The Beaver River enters Oklahoma from New Mexico as the North Canadian River, then assumes an alias at the Oklahoma border all the way to Fort Supply, where it again becomes known as the North Canadian River. It flows through Cimarron, Texas, Beaver, Harper and Woodward Counties in the Oklahoma Panhandle east of New Mexico and North of the Texas Panhandle, dipping briefly into Texas northeast of Stratford, the back into Oklahoma where it is joined by the Goff River just northwest of Guymon from which it flows east to Optima Lake, created by a dam on the river southeast of the Town of Optima. At the Town of Beaver it flows through Beaver State Park. The Kiowa River flows into the Beaver northwest of Laverne, then turns southeast to Fort Supply, where it becomes the North Canadian River once again. This report will describe the Lower Beaver River running from below Optima Dam in Beaver County to Fort Supply.
The Beaver River is basically a flatwater stream flowing through the plains of the Oklahoma Panhandle area near the borders of Colorado and Kansas to the north. The surrounding area is a remote wilderness with a few small towns nearby. The Beaver is not a high-flow stream, and seldom has navigable waters, though it flows at sufficient volume for recreational boating shortly after a major rain event within its drainage basin. The entire reach of the river is navigable whenever adequate flows are present. Numerous major highways and county roads crisscross across or parallel to the river all along its run, though signs of civilization along the river itself are rare. The Cimarron River, flowing out of New Mexico, is in near proximity to the north except where it diverges into Kansas before re-entering Oklahoma north of the Town of Beaver. Paddlers running the Beaver River should be prepared for extended paddling in a very remote area, having with them everything they will need for their trip. There are no campgrounds, outfitters or other river-related services available near the river.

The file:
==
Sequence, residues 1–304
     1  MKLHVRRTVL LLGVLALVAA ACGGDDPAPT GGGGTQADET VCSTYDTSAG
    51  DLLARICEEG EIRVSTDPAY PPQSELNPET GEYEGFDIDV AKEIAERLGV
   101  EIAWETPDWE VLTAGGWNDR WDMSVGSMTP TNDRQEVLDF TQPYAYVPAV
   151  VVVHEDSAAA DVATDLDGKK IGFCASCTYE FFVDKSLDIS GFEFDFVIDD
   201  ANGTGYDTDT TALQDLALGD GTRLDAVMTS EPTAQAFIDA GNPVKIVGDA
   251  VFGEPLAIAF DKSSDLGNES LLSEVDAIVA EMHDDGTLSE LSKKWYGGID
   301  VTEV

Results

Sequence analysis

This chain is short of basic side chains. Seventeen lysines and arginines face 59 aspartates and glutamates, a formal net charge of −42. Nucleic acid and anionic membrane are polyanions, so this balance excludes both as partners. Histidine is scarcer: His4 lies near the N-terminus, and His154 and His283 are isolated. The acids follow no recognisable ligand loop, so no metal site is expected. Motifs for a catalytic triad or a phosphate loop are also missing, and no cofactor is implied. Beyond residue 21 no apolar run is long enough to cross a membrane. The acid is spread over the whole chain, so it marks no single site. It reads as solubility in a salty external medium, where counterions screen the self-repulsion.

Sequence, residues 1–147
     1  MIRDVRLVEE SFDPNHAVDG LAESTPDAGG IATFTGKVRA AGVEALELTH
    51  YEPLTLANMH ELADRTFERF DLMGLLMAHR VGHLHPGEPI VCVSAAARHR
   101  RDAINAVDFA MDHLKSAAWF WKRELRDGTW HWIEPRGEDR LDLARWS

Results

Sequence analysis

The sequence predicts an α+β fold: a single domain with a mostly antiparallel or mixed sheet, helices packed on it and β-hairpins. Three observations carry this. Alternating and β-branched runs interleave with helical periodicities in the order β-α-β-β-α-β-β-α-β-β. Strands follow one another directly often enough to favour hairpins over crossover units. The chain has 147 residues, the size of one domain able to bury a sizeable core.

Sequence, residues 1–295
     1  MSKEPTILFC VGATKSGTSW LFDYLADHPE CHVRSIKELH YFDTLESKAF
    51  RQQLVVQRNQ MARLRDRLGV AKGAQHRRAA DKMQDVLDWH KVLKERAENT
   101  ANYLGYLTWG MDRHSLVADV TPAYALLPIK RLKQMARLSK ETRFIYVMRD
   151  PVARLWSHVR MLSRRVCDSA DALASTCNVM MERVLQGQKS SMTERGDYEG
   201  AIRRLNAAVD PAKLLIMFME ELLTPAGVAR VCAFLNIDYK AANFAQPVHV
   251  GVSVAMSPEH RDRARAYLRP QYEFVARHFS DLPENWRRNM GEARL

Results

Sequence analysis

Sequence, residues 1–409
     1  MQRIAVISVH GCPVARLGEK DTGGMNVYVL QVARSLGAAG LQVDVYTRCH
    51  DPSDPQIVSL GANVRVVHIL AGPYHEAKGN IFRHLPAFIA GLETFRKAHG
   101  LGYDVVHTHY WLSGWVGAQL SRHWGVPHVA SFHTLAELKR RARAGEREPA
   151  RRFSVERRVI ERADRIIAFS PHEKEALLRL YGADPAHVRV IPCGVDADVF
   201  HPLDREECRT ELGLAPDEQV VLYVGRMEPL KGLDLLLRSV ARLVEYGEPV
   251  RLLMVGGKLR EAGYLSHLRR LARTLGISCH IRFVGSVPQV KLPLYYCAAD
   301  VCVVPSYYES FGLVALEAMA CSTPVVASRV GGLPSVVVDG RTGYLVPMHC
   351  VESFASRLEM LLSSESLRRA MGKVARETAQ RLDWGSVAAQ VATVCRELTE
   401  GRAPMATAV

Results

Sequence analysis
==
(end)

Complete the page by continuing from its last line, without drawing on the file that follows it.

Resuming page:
Oklahoma Panhandle near the borders of Texas, New Mexico, Colorado and Kansas, flowing west to east from New Mexico to Fort Supply through Cimarron, Texas, Beaver, Harper and Woodward Counties before becoming the North Canadian River once again at Fort Supply.
Oklahoma City 252 miles; Tulsa 357 miles; Dallas 445 miles; Austin 635 miles; San Antonio 662 miles; Houston 691 miles; Little Rock 596 miles; Kansas City 597 miles; Albuquerque 535 miles; Phoenix 993 miles; Denver 414 miles; Salt Lake City 948 miles (all distances are approximate, depending upon starting point, destination point at the river and route taken.)
Water quality is usually good to very good at navigable flows, though it may be sandy or silty from runoff carried downriver. Flows are usually inadequate for paddling, but after local rainfall in the area the river can rise to boatable levels for a short few hours to a few days, then drop again to insufficient levels.
There is no "season" for paddling the Beaver River, which only flows at navigable levels after major rain events within its drainage basin. Flows below Optima Lake will be more consistent due to occasional dam releases. Check the USGS gauges at Goodwell and/or Beaver, depending upon where you want to paddle, before going.